Preparing for my study abroad trip to the U.K. was exciting as well as nerve-wracking. This was my first time traveling and studying abroad, so I wanted to be as prepared as possible. Our professor and guest speakers were a great help in getting us access to resources that had information about culture shock and other good “need-to-knows”. I did as much reading as possible in the four weeks leading up to my trip. I do believe the preparation helped me tremendously!

     My favorite part of this program, aside from being able to explore the city during our leisure time, was touring Lloyd’s of London. Lloyd’s is one of the world’s largest and oldest insurance markets.  As a business student, it was exciting to learn the business aspect of Lloyd’s but learning about the rich history and how it came to be one of the most popular insurance markets was very intriguing. I also enjoyed viewing the city’s architecture. London is known for its unique combination of old Victorian-style buildings and modern skyscrapers, often side by side.

     The most valuable part of my experience was bonding with my classmates as well as being able to talk to and bond with the local Londoners. I also really enjoyed taking the buses and train (the “tube”) as a means of transportation, because it allowed me to immerse myself in the culture and “do as the locals do”. The London Underground transportation system is remarkable and will take you pretty much anywhere you need to go in Greater London.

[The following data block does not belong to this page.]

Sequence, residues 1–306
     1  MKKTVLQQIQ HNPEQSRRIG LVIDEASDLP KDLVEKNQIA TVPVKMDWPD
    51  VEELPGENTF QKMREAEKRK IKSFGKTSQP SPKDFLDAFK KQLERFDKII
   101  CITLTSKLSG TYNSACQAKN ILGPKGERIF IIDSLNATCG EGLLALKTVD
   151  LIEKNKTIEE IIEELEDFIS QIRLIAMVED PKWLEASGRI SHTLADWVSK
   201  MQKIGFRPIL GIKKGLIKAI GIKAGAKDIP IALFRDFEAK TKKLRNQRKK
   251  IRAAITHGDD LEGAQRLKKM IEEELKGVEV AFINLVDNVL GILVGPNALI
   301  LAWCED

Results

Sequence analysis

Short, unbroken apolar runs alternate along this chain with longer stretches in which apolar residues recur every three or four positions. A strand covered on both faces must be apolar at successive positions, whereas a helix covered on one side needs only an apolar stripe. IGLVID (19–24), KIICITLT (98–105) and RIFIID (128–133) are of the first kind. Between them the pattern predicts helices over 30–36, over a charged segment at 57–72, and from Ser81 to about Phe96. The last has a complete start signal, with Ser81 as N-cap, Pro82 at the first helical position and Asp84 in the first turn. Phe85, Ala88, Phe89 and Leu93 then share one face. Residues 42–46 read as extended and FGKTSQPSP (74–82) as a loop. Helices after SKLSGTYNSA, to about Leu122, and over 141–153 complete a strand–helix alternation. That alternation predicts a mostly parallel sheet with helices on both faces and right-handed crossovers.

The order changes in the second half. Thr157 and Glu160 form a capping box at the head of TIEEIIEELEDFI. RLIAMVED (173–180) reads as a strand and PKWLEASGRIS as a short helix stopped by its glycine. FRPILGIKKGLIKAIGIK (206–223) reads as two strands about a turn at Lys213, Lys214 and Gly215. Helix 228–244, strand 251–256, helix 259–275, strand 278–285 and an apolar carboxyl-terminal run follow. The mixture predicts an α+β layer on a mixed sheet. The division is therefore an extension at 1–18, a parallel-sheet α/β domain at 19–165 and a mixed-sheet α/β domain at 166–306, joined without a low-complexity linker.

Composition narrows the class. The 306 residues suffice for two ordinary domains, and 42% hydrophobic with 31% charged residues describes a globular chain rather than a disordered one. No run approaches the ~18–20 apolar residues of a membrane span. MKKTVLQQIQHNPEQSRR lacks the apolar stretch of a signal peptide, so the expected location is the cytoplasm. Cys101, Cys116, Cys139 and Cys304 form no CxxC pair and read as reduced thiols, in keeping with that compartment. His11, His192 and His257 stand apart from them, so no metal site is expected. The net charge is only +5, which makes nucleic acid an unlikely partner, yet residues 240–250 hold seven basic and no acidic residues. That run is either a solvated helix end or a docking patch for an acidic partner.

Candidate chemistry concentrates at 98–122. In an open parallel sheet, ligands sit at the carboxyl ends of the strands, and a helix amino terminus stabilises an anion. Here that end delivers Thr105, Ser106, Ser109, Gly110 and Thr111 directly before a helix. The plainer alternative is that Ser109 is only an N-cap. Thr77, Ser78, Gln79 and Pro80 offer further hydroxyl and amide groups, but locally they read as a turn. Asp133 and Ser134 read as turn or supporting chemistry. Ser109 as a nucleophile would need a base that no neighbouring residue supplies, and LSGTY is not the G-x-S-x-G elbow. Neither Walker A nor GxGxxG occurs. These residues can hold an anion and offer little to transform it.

I expected to experience culture shock, so I was pleasantly surprised when I didn’t. In my opinion, London (the U.K.) is the perfect place to break in first-time study abroad students. The lack of language barrier helps mitigate some of the effects of culture shock. What I noticed right away however, was that even though we share a common language with the Brits, we have different mannerisms. Specifically, when riding on the tube, passengers are really reserved and to themselves. It kind of makes you feel like an outsider. I quickly learned though, that once you do engage in conversation, most of the locals are extremely nice and welcoming!

     Studying abroad has allowed me to sharpen my professionalism skills but more importantly, my interpersonal skills. I got the opportunity to immerse myself in a new culture which went beyond an entirely academic experience. By studying abroad, even for just a little over a week, I was provided with an experience of a lifetime. I really enjoyed this program and would recommend all students consider studying abroad, if they are able to do so. Just remember that preparation and an open mind will help to make your experience a fulfilling one!

Ashlyn Zufall (Social Media Ambassador)